6 Tips For Studying History, Even If You Hate It!

Almost everyone has one, a history course you just can’t stand to attend. Yet, to finish our degrees we slog through these classes to fulfill requirements. History can seem overwhelming with its mass of information. Courses are often loaded with reading, lectures, and tests. Yet, there are 6 simple tips to make sure the class you sit through won’t wreck your GPA because you can’t remember it’s content.

1. Take Notes

It sounds simple enough, but too often students suffer from boredom in lecture and allow themselves to lose important information to daydreaming or flash games. Don’t make this mistake! You’re already in class, so use that time to take notes, they’ll allow you to make better sense of the course readings.

2. Read the introduction!

Too often students will skip the introduction to primary source material to get to the source itself. Intros tell you who the source’s author is, where and when it was written, and most importantly WHY the document matters. If your history prof requires in-class discussion, the intro is the best thing to read to have basic knowledge of a document. This tip will help you a great deal, even if you don’t have time to finish the rest of the reading!

3. Highlight important passages

texts and documents are assigned in history classes in droves. The amount of reading can be overwhelming so save yourself the suffering of rereading the entirety of course materials by highlighting anything that looks relevant the first time. This will make it easier to produce examples for research papers and tests essays later in the course.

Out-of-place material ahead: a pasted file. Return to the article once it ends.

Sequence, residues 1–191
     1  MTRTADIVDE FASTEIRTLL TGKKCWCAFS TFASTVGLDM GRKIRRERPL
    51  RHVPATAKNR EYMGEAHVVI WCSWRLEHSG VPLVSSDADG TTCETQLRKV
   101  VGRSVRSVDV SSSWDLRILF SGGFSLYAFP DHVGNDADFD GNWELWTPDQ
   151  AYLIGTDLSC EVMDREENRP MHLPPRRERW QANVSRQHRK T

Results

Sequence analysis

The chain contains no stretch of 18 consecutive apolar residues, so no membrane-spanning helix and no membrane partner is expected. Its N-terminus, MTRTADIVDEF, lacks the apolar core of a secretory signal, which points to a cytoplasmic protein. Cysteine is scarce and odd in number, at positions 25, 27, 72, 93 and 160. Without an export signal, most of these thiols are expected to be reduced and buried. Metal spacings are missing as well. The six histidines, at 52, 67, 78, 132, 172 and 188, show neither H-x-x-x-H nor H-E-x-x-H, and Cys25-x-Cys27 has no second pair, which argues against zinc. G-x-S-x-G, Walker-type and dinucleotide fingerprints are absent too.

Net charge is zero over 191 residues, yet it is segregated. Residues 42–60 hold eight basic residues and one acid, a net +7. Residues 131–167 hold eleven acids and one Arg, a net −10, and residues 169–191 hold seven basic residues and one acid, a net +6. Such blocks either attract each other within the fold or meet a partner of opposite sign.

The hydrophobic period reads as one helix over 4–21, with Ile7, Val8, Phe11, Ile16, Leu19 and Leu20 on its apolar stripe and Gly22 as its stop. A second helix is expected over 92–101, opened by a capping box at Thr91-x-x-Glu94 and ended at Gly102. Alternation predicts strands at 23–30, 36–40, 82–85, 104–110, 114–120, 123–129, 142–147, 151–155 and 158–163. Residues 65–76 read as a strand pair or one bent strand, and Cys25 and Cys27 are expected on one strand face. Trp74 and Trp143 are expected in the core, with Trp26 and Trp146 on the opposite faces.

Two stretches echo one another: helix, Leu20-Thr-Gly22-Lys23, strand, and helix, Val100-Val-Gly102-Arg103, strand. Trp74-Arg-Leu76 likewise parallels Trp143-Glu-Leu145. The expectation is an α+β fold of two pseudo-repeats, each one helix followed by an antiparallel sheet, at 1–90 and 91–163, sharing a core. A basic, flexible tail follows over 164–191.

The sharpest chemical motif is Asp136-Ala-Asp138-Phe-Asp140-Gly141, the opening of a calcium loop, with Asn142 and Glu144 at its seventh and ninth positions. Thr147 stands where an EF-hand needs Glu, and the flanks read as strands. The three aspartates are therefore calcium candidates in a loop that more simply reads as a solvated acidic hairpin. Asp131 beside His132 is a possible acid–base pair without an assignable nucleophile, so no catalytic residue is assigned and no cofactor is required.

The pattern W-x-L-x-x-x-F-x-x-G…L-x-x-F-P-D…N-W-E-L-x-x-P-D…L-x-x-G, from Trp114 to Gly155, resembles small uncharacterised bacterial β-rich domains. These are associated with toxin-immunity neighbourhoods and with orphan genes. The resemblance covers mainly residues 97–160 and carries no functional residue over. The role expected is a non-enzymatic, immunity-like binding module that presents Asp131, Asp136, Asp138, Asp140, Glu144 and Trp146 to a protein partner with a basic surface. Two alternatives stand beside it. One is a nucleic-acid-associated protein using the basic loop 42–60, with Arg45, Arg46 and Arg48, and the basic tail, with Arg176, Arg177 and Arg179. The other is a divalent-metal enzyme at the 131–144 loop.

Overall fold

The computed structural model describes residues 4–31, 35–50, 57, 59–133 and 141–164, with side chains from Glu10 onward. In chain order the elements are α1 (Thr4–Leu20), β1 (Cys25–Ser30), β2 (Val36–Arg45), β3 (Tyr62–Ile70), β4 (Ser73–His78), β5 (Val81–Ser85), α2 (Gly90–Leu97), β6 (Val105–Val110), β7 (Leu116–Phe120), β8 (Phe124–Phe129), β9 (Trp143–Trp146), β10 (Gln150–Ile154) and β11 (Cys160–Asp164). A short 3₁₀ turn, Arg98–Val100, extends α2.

4. Make pre-test outlines

Many college history courses lean away from multiple-choice tests and towards in-class essays. These “blue book” tests can seem overwhelming and often require a student to produce several short essays discussing the course materials. Walking into these tests with no game plan is a terrible mistake, so take advantage on any study questions your prof gives before test day to make some short outlines. It won’t take a great deal of time, and simply writing them will give you the mental map of how to tackle these essays when you’re in class with nothing but a pen and a blank book to fill with writing in less than fifty minutes.

5. The Rule of 3

As an extension of tip number 4, remember the Rule of 3. Namely, that any claim is best supported by 3 good examples. When preparing for any history test or writing research papers, shoot for at least 3 examples to support your claims. This will give your essays good structure, demonstrating your knowledge and keeping your writing concise. Remember, history profs have to read dozens of student essays for each course they teach. They want clear concise writing, not a long ramble of vaguely informative prose.

6. Create connections

College history courses often look at diverse topics spanning great time periods. In these courses facts and dates are often less relevant than ideas and connecting themes. When listening in lecture and preparing for tests, always look for the connections that bind historical events together. It’s not enough to know what happened and when, you need to demonstrate why it happened and why it matters today.

Keep these 6 tips in mind the next time you find yourself in that history class you’re dreading. Armed with this knowledge, you’ll be able to get by as painlessly as possible and even fool your prof and peers into thinking you know a thing or two!

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